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April is Distracted Driver Awareness month – Health Sciences Academy intends to demonstrate how dangerous it is

Across the country, the National Tennessee Highway Traffic Safety administration reported that 3,328 people died in distracted driving accidents in 2012, while another 421,000 people suffered injuries in such collisions.

In Tennessee and across the country, law enforcement groups have designated the month of April as Distracted Driving Awareness Month. Throughout the month, the Tennessee Highway Patrol will focus on enforcing the state’s distracted driving laws, in an attempt to reduce the number of people killed in distracted driving collisions each year.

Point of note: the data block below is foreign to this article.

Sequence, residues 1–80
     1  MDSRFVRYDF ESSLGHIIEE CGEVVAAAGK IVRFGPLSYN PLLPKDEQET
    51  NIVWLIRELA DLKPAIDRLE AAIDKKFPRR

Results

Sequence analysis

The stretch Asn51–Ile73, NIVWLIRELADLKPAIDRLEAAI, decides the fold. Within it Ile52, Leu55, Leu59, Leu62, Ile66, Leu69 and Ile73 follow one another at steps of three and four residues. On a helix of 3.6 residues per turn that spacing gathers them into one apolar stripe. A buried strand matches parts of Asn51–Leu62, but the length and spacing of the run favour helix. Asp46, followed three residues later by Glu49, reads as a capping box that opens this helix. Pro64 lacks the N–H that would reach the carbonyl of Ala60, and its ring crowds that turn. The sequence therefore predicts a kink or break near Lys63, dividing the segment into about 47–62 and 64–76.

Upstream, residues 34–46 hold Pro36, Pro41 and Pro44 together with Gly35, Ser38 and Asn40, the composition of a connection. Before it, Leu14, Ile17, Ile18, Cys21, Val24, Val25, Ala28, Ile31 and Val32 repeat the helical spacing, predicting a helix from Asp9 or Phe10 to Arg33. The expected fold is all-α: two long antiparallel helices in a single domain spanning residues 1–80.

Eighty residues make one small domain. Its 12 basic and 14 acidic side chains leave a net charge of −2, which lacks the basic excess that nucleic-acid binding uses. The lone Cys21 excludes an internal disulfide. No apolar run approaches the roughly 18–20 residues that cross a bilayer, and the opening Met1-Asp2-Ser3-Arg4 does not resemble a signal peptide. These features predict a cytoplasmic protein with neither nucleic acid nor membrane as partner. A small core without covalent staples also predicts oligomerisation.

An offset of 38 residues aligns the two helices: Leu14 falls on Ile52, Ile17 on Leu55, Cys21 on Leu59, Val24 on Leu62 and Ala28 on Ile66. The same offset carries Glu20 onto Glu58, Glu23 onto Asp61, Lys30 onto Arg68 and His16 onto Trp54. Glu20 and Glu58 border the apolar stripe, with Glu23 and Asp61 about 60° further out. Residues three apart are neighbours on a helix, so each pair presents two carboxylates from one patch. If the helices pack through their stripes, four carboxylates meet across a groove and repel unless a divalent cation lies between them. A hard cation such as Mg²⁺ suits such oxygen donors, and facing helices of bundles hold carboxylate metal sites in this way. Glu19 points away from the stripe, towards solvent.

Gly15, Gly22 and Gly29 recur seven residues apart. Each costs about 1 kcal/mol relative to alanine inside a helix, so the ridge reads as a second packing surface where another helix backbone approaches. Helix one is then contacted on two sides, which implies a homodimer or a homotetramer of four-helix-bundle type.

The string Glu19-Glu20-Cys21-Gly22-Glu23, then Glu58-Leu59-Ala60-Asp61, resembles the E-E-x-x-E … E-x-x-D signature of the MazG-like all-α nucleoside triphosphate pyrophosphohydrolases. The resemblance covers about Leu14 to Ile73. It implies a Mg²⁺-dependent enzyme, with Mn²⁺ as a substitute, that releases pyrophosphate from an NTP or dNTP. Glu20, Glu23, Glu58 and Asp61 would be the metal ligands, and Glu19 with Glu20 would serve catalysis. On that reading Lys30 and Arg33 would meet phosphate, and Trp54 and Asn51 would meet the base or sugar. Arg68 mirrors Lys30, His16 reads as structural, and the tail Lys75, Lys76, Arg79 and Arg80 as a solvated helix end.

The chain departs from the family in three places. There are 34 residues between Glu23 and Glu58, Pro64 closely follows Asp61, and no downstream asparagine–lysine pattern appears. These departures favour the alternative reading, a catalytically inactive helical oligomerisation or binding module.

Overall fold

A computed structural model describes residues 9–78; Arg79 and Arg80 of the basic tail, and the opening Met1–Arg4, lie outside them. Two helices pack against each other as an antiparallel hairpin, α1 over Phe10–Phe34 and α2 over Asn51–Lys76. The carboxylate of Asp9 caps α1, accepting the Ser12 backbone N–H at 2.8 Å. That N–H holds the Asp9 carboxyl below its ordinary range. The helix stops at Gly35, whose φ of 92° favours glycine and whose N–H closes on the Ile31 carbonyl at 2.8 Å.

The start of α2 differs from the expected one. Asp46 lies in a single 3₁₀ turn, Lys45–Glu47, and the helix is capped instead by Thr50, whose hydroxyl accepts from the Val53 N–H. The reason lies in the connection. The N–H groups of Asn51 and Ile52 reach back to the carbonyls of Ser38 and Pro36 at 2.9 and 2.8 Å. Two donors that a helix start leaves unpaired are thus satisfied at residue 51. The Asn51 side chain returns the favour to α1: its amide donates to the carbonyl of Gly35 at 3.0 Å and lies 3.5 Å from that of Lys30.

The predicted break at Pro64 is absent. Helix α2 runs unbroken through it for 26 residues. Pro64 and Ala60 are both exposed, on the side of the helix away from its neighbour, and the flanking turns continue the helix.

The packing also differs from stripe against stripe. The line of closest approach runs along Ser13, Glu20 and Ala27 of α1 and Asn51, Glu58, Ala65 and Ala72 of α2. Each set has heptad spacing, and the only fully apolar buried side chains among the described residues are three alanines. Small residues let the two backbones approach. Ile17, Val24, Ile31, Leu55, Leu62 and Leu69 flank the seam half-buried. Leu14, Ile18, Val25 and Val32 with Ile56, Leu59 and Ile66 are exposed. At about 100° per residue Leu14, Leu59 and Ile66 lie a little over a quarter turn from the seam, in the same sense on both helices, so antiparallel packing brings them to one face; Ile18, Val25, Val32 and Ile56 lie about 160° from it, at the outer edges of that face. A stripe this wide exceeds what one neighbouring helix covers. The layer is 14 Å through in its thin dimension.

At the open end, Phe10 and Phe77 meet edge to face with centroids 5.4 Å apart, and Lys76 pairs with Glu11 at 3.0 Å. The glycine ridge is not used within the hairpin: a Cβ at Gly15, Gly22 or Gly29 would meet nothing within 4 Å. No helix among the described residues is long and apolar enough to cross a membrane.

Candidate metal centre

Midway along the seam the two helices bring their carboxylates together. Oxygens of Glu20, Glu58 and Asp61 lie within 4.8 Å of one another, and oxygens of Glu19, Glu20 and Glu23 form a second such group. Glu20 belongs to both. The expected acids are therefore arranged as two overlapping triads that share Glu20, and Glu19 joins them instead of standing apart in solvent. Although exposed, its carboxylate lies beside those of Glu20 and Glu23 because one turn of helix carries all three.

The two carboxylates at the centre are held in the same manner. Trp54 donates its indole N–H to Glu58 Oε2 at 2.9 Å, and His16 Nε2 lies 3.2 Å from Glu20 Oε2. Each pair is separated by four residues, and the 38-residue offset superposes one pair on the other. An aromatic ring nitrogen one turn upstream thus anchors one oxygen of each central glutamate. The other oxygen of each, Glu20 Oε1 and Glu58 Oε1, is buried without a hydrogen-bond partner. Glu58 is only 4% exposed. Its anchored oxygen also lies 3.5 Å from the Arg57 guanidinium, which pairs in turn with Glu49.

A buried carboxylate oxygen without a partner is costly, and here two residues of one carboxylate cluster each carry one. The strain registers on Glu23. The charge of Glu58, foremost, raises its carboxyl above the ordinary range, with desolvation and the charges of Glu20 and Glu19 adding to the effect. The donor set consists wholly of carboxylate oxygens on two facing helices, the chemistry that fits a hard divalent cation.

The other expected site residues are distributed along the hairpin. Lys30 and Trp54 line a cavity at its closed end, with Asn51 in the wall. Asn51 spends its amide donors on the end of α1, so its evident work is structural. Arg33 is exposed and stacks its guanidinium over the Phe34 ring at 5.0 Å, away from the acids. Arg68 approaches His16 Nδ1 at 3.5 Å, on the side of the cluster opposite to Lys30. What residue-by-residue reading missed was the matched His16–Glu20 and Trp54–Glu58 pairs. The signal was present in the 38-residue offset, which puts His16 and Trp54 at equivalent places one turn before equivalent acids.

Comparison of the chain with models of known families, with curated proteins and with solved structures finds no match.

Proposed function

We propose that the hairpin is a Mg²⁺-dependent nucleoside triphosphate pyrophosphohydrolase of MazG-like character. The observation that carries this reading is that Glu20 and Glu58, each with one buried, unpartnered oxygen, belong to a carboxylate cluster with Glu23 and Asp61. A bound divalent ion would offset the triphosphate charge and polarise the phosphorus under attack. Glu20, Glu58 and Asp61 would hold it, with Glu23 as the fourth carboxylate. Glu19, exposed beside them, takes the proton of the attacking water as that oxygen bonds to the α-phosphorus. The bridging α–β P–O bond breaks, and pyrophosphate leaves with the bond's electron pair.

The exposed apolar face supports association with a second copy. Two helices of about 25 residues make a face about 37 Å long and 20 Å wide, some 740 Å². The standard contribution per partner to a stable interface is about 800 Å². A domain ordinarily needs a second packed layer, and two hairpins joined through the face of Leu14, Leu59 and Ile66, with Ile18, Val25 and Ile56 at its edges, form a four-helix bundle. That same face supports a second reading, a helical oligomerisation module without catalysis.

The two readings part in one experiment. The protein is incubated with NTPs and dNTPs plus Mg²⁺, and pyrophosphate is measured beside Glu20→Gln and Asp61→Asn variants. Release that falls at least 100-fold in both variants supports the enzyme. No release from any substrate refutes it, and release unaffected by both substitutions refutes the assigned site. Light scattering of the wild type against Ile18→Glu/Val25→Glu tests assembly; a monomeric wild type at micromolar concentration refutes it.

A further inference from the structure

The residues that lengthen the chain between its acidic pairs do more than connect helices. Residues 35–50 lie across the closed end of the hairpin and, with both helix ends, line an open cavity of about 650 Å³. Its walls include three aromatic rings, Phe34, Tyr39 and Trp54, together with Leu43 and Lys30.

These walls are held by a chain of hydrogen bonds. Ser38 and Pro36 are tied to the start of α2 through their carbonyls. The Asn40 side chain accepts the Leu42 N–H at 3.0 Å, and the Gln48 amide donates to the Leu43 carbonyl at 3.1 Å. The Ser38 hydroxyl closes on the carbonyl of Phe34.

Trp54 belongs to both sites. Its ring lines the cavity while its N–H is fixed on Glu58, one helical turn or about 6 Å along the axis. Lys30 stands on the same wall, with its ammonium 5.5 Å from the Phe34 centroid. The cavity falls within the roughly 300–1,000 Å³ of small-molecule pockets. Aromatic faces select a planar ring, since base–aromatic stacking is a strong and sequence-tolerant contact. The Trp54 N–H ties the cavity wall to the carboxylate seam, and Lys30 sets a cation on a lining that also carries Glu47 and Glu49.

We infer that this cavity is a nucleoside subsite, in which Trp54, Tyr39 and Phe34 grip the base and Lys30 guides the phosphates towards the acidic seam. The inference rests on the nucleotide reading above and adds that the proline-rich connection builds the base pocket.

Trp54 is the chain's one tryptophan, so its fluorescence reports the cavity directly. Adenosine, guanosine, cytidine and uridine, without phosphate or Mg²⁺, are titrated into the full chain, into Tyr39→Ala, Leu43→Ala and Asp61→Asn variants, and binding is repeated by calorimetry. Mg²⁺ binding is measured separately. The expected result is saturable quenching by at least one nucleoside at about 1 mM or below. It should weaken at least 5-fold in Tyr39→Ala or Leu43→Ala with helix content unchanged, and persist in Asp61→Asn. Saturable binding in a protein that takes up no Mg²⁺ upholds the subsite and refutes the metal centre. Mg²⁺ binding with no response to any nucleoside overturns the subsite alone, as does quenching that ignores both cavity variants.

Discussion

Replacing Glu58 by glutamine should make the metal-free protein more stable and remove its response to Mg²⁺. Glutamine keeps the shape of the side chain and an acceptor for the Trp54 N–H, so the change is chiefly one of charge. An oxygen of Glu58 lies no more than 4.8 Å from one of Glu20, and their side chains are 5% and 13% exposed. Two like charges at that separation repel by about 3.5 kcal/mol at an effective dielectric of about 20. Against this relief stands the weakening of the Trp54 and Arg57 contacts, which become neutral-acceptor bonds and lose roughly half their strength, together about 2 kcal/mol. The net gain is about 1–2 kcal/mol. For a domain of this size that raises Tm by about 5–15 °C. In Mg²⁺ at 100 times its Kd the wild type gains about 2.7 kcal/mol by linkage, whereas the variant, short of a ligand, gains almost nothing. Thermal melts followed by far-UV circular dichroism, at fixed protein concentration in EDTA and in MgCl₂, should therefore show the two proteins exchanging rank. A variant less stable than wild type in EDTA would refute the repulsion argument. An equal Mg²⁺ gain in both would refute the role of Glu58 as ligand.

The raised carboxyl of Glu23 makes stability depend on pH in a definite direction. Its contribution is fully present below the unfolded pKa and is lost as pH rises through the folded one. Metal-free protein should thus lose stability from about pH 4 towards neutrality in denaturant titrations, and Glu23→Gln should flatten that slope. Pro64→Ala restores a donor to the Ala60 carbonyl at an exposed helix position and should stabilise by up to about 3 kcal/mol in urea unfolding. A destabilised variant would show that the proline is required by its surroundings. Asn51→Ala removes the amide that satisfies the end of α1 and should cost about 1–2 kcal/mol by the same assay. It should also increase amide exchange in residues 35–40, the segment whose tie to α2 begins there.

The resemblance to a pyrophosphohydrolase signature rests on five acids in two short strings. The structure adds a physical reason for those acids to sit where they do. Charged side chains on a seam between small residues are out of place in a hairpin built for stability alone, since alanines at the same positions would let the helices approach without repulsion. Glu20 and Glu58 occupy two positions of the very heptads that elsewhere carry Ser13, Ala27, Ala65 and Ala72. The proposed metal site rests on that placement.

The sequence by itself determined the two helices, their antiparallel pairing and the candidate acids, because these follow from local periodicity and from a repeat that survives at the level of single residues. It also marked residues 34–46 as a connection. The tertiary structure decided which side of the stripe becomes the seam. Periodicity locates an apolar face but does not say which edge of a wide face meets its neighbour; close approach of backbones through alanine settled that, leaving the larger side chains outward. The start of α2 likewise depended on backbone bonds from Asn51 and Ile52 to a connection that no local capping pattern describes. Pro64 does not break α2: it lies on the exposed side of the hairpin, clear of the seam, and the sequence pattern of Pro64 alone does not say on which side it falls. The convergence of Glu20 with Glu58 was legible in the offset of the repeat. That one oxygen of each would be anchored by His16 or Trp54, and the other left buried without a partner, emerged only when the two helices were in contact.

Recently, highway patrol officers used a big rig to catch offenders on I-40 in Knoxville. The purpose of utilizing the big rig for patrol was to catch distracted drivers red handed. Who has the best view on a highway – a trucker of course! That’s exactly what cops in Tennessee were thinking when plotting how to nab drivers who insist on texting while operating a motor vehicle.

Highway patrol officers used a semi truck, commonly called a big rig to catch offenders on I-40 from Memphis to Knoxville.

In an effort to enforce Tennessee’s distracted driving laws, the Tennessee Highway Patrol has implemented a new safety campaign. The “Drive to Zero” campaign is focused on eventually reducing the number of traffic fatalities in the state to zero.